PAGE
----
Culling badgers to tackle tuberculosis in cattle has cost the taxpayer £16.8 million in the past few years, or £6,775 for each animal killed, figures show.

The figures suggest the cost to the public of two pilot culls in Gloucestershire and Somerset has been even higher than estimates by anti-cull campaigners, prompting them to claim the policy is an "unacceptable burden on the taxpayer".

The costs were revealed by the Environment Department (Defra) in response to a Freedom of Information request by the Badger Trust, which had previously estimated the culls were costing £6,100 for each badger killed.

In the first year, when culling was postponed, the policy cost £2.5 million, while the costs for the 2013 cull, including policing costs, stood at £9.8 million and the 2014 bill was just under £4.5 million, the figures show.

With 2,476 badgers killed in the first two years of culling, the price tag works out at £6,775 for each animal culled, the Badger Trust said.

The figures were revealed after the Government announced the policy, which ministers and farmers insist is necessary to tackle TB in livestock that can pick up the disease from wild badgers, would be extended into Dorset.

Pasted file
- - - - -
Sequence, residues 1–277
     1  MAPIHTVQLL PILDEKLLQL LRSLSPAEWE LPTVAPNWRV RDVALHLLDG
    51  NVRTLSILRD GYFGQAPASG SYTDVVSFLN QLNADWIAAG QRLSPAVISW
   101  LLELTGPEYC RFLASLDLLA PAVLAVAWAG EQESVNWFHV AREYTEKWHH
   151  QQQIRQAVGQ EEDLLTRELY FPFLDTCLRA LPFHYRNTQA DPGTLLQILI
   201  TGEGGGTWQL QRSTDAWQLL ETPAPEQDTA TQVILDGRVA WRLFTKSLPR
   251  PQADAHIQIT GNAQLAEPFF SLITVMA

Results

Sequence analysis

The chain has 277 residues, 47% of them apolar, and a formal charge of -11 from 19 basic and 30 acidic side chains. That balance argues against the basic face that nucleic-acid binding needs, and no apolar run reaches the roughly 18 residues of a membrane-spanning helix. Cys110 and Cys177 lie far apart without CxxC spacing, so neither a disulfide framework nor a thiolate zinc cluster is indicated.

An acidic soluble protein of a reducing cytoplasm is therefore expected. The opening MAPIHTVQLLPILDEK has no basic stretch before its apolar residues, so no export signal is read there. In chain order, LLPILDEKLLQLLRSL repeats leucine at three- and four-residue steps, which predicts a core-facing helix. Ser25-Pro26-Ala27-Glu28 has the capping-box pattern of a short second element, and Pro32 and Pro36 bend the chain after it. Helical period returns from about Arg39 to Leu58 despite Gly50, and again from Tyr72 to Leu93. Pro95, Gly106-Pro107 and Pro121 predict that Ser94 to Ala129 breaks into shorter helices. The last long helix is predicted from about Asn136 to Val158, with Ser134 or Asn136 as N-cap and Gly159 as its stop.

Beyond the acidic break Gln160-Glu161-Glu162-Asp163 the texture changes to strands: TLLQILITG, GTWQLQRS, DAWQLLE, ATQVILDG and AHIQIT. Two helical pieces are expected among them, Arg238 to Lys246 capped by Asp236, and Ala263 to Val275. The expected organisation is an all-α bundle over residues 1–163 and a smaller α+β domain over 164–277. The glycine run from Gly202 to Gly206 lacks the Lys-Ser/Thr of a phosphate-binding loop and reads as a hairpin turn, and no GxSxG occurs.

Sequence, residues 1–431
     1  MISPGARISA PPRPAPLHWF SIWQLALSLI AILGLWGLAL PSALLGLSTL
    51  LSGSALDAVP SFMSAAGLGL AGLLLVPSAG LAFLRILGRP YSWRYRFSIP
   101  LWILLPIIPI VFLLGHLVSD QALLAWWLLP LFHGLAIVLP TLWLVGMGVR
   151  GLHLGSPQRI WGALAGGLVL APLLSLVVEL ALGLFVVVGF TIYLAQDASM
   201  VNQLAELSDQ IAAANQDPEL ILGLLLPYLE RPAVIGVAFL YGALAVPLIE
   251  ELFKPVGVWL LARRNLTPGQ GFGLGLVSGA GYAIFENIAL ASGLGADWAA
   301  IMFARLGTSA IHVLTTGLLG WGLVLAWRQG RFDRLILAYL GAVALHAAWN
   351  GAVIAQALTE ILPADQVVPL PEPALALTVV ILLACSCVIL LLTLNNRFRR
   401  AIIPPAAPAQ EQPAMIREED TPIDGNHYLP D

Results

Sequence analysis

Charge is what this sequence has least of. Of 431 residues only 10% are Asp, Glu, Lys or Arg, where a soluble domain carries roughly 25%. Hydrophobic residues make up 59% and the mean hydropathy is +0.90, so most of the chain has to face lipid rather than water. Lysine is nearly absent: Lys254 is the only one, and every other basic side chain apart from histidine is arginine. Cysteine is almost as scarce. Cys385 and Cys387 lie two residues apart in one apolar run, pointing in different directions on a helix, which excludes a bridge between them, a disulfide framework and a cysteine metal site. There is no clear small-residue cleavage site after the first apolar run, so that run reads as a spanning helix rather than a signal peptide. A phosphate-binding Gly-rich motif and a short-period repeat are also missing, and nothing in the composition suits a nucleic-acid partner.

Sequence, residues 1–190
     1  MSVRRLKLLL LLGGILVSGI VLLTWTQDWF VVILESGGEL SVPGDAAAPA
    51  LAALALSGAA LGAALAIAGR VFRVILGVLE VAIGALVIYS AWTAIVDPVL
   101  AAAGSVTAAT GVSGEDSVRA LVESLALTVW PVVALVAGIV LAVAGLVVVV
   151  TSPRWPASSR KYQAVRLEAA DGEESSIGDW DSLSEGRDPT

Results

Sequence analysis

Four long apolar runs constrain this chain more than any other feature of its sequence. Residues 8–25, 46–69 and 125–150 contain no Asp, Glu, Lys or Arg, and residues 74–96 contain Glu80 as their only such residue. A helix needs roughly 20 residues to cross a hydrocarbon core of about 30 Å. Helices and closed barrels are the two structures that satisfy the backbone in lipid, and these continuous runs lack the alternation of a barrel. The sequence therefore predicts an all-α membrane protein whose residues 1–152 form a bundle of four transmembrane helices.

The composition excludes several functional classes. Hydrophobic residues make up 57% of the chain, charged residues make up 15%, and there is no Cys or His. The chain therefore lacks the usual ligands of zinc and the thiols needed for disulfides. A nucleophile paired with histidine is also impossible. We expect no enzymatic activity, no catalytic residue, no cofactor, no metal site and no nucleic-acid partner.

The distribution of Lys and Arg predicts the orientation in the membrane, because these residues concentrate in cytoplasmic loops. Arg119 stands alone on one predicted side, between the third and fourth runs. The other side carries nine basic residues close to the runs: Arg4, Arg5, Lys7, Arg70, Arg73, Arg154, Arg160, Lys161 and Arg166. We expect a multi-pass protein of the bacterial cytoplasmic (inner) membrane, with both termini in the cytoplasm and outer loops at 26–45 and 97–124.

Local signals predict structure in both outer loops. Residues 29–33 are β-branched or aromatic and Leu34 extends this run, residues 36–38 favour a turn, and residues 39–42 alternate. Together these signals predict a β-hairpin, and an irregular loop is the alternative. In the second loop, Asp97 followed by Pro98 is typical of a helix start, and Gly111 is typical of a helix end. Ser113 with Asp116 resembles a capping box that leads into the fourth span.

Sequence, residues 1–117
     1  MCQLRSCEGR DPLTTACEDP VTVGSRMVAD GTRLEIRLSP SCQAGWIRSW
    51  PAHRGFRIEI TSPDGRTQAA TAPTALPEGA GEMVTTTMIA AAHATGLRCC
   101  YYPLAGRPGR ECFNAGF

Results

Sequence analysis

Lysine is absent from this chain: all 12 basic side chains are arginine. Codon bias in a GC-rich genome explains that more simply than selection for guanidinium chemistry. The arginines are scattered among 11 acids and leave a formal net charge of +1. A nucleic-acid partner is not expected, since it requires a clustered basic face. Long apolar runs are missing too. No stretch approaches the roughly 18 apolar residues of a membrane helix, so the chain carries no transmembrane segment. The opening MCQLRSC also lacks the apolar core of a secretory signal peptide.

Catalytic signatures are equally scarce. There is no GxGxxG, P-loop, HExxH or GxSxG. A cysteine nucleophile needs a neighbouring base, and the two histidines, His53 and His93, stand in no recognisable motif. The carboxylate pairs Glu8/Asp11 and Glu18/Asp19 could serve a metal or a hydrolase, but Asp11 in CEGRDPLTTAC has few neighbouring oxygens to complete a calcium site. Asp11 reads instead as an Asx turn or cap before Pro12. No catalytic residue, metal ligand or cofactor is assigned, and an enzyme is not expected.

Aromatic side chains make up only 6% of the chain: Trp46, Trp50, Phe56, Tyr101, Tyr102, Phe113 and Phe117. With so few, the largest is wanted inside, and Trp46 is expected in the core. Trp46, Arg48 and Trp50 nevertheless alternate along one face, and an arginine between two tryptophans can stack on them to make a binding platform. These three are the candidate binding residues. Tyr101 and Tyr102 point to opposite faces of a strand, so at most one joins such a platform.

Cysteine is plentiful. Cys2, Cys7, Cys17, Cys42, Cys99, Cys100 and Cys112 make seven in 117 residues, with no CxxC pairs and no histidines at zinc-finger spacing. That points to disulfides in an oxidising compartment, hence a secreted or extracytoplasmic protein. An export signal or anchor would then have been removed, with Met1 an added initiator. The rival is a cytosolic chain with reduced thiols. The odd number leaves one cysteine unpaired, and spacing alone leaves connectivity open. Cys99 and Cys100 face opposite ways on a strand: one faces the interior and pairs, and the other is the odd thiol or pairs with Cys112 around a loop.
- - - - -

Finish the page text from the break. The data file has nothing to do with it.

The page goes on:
Anti-cull campaigners say culling is cruel and ineffective and want the focus to be on other measures such as vaccinations for badgers and livestock.

Badger Trust chief executive Dominic Dyer said: "Not only is the badger cull a disastrous failure on scientific and animal welfare grounds, it is also becoming an unacceptable burden on the taxpayer.

"When the policy was developed in 2011 the government claimed it would be a farmer-led initiative, paid for by farmers.

"In reality it's the taxpayer who is footing the bill and these costs will continue to rise rapidly as the policy is extended into Dorset, and possibly other counties in the future."

He said that if the cull was rolled out to more than 40 areas in England, as suggested by then Environment Secretary Owen Paterson in 2013, the cost to the taxpayer could easily exceed half a billion pounds.

A Defra spokesman said: "TB poses a huge threat to our farming industry and has cost £500 million over the last decade.

"We are pursuing a comprehensive strategy, including tighter cattle movement controls, badger vaccination and culling in areas where TB is widespread.

"Costs have been substantially reduced since last year and will be kept under review."